This is the property of the Daily Journal Corporation and fully protected by copyright. It is made available only to Daily Journal subscribers for personal or collaborative purposes and may not be distributed, reproduced, modified, stored or transferred without written permission. Please click "Reprint" to order presentation-ready copies to distribute to clients or use in commercial marketing materials or for permission to post on a website. and copyright (showing year of publication) at the bottom.

Tips for Managing E-Discovery

By Alexandra Brown | Jun. 2, 2008

Expert Advice

Jun. 2, 2008

Tips for Managing E-Discovery

Tips on how to handle the huge challenge of managing e-discovery.

Electronically stored information has dramatically increased the burdens of discovery. The cost of document retention, collection, review, and production can make even relatively high-stakes disputes not worth litigating. And e-discovery mistakes can carry serious consequences, including adverse inferences, sanctions, and waiver.
      Electronic discovery can, and must, be managed. Here are some tips that will help you do that. (This article cites the Federal Rules of Civil Procedure. California is formulating e-discovery rules that will likely mirror the federal approach.)

      FRCP 26(f)(3)(C) requires lawyers to be prepared to discuss "any issues" related to e-discovery at the initial meet-and-confer. You must understand the sources of relevant documents, the likely custodians, and the form of production. You must also have already implemented an effective "litigation hold" to ensure that documents are preserved.
      Limiting the scope of discovery is the most effective way to control e-discovery costs. Communicating early with your adversary also helps. By identifying categories of documents and custodians, you can manage the opposing side's expectations and learn which documents might be important to its case. If your adversary will not agree to reasonable limits, you may consider taking the issue to court.
      Depending on the dispute, some materials may be collected and simply handed over without review (assuming an appropriate protective order is in place). You can review your documents after production, as necessary.
      You might even consider prereview production of documents that may include privileged materials. The parties can enter into a "clawback agreement" and stipulate that inadvertent production of privileged documents does not waive an applicable privilege. Rule 26(b)(5)(B) arguably approves such arrangements, and courts generally recognize their validity. But be careful: Producing potentially privileged documents without review is not always appropriate. Indeed, it's hard to unring the bell. Privileged documents may contain information your adversary shouldn't see under any circumstances; also, some judges might consider clawback arrangements unacceptable and find that a privilege has been waived.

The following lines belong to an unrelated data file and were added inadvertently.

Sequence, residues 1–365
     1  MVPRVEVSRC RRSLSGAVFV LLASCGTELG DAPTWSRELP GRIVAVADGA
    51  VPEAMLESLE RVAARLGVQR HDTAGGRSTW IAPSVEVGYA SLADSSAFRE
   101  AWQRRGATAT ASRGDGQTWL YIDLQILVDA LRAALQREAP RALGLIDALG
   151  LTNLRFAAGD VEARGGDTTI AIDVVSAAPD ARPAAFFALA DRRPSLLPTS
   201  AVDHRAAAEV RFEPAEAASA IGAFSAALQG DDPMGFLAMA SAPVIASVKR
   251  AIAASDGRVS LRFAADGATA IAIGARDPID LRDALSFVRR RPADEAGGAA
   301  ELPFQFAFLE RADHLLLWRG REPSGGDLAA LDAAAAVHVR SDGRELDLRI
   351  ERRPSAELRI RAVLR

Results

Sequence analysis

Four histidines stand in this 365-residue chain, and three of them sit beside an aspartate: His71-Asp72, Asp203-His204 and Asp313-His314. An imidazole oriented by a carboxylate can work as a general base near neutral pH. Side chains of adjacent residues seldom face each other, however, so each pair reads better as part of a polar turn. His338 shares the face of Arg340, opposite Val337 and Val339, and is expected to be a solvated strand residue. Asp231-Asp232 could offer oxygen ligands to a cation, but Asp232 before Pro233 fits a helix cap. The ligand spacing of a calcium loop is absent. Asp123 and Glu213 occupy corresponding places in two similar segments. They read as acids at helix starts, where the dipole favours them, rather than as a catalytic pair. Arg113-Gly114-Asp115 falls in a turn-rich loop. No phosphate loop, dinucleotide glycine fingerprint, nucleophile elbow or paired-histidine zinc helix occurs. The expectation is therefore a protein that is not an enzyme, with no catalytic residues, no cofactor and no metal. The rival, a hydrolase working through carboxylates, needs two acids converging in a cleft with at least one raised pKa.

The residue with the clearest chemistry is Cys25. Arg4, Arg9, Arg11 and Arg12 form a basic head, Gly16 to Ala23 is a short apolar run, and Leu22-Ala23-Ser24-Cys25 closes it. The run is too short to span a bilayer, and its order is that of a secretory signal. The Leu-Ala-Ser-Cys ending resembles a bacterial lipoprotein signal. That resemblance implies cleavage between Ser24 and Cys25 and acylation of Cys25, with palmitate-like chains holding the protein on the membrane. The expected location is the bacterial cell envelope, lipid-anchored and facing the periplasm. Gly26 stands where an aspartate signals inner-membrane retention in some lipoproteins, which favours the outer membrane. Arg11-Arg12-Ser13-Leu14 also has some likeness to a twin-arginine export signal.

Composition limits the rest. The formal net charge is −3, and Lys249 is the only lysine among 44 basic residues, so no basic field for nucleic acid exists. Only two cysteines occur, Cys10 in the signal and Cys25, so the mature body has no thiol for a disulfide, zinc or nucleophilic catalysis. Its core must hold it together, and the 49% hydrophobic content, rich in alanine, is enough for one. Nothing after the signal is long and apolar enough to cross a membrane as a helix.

Google built a multibillion-dollar empire around keyword searching. You can save your clients money by leveraging keyword searching to trim production and review costs.
      There are many ways keyword searching can streamline discovery. Depending on your clients' information systems, you might use keywords to cull relevant documents for retention. You might agree with your opponent to use keywords; each side could propose keywords to define what will be produced. You could also use keywords to conduct privilege reviews, e.g., by looking for attorneys' names and email addresses. And you might search your opponent's production for relevant keywords and forego a page-by-page review.
      You should exercise your best judgment. Work with your opponent to develop a keyword-searching approach. Trial-and-error sampling is useful, given that keywords may be under- or over-inclusive.

      The most satisfying way to defray costs is to force your adversary to pay them. The Federal Rules are helpful in this regard. Rule 26(b)(2)(B) reads: "A party need not provide discovery of electronically stored information from sources that the party identifies as not reasonably accessible because of undue burden or cost." [Emphasis added.] Judges often fail to apply the cost/benefit analysis embodied in the rule, simply asking whether information is "inaccessible." You should convince the court to conduct the proper cost/benefit analysis-the Committee Notes following the rule are helpful in this regard.
      If your adversary demands discovery that is not reasonably accessible because of undue burden or expense, consider a cost-shifting motion under Rule 26(c). Be specific; highlight steps you've taken to produce relevant information and determine how expensive the additional discovery will be relative to the amount in controversy. Your adversary must show good cause why the discovery is warranted. And even if your motion is denied, you can renew the motion if, in fact, the additional discovery is not productive.
      Much of this discussion relates to defense counsel, as discovery burdens tend to fall more heavily on defendants' shoulders. But there are powerful incentives for plaintiffs to agree to limitations. A well-tailored production reduces discovery burdens on all parties. Moreover, either side's attempt to use e-discovery for tactical purposes could backfire, risking the loss of credibility with the court.
      Michael T. Maletic is an associate in the General Litigation/Media Group at Weil, Gotshal & Manges in Redwood Shores, and a member of the firm's e-discovery task force.

Alexandra Brown

Daily Journal Staff Writer

For reprint rights:

Email for prices.
Direct dial: 949-702-5390

If you would like to purchase a copy of your Daily Journal photo, call (213) 229-5558.

Send a letter to the editor: